Crowds of migrants resumed their long journey north on Sunday from the Mexican border city of Ciudad Hidalgo, according to Mexican federal police officers.
The caravan was headed for Tapachula, a city about 37 km (23 miles) north of the Mexico-Guatemala border, the officers told CNN.
There were about 10 buses awaiting migrants along the highway between Tapachula and Ciudad Hidalgo and the drivers had been instructed to carry the migrants to shelters in Tapachula, the officers said. It was unclear how many of the group were from the migrant caravan and how many were Mexicans who joined the march.
One migrant, a 20-year-old Honduran named William, told CNN he crossed into Mexico via a float that carried him across the muddy Suchiate River on Saturday.
He left home looking for work, he said, and was ultimately bound for either Mexico or the U.S. -- wherever he could land a job.
"There is no work back home," he told CNN. "No future."
Approximately 640 migrants requested asylum in Mexico, according to a statement from the Mexican government and the National Migration Institute.
Authorities have given "priority attention to 164 women, 104 children and elders," the statement said, adding that some of the women are pregnant and there is at least one unaccompanied minor.
An additional statement from the Mexican government said there were 2,2000 migrants remaining on the bridge connecting Guatemala and Mexico, and about 900 tried to cross into Mexico illegally.
The Honduran Foreign Ministry previously said 2,000 people in the caravan had turned around and headed home.
Thousands of Central American migrants fleeing poverty and violence were initially prevented from crossing the bridge.
On Friday Mexican authorities began allowing a trickle of migrants, starting with women and children, to pass through the gates and board buses bound for refugee camps.
Others pushed through or climbed over a steel gate before riot police stopped them with tear gas and smoke canisters. Some migrants collapsed, coughing or weeping, according video from the scene.
It's unclear exactly how many migrants were allowed to legally cross the border into Mexico, where they were taken to shelters to rest. On Saturday, with the punishing heat bearing down on them, some migrants took matters into their own hands, and crossed into Mexico on rafts that ferried them across the river.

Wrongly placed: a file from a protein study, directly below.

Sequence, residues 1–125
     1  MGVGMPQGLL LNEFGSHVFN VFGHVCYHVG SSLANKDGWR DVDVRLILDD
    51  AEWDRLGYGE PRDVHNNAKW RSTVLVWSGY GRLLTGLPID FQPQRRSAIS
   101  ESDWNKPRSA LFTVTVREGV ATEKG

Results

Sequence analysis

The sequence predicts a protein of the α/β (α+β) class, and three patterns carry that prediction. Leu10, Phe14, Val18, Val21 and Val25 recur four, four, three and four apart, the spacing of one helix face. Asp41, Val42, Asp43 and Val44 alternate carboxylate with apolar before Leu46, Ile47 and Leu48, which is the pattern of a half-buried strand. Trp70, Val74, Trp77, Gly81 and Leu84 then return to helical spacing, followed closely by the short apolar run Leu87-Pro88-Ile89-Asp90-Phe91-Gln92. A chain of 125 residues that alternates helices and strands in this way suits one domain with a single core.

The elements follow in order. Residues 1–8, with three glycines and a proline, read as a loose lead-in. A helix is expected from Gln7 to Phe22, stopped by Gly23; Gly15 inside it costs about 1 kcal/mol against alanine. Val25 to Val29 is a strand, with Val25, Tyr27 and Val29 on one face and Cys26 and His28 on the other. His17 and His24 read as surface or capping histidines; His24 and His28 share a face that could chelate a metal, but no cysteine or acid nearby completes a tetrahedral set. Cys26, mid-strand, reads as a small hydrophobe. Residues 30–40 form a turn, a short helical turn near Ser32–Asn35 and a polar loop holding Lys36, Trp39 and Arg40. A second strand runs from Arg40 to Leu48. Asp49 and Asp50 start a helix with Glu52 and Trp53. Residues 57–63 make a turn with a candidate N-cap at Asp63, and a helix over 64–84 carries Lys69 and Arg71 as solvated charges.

One of the migrants marching to Ciudad Hidalgo, Luis Miguel Martinez, 30, also said his goal was to find work in the United States so he could feed his family, including two daughters he left behind in Honduras.
He was carrying a pink backpack and a blanket for a woman who also had a small child. But he was happy to help.
"We are one group," he said. "One people."
What happens next?
It's unclear whether the caravan will be allowed to reach the U.S. border. Mexican authorities previously outlined their plan to respond to the caravan once it arrived at their border.
• Anyone with a valid visa will be able to enter and move freely.
• Anyone who wants to be recognized as a refugee or as a beneficiary of "complementary protection measures" must do so individually. Those who do so will be held "at a migratory station" for as many as 45 business days.
• Anyone who enters "in an irregular manner" will be "rescued and subject to an administrative procedure and, where appropriate, will be returned to their country of origin in a safe and orderly manner."
Mexican authorities also have said they're asking for help from the United Nations High Commissioner for Refugees to process migrants seeking refugee status.
Caravan is an 'organized effort,' Pompeo says
The caravan formed October 13 in San Pedro Sula, Honduras, and arrived in Guatemala on Monday.
Its slow procession north has prompted U.S. President Donald Trump to threaten to cut aid to Central American nations and to send troops to the U.S. border if Mexico fails to stop the surge.
US Secretary of State Mike Pompeo met with top officials in Mexico City on Friday night to discuss the caravan and other matters. Speaking to reporters on a tarmac, Pompeo accused the caravan of using women and children "as shields as they make their way through."
"This is an organized effort to come through and violate the sovereignty of Mexico," Pompeo said.
The caravan formed just weeks before the US midterm elections. And many Republican candidates have echoed Trump's rhetoric about boosting border security and cracking down on illegal immigration.
The U.S. President has pointed to the caravan as a key issue in the upcoming elections, and has used it to attack Democrats, saying -- without evidence -- they wanted the caravan to arrive before Election Day so the migrants would vote for Democrats.
But as asylum-seekers, the migrants would not be citizens and would not be allowed to vote.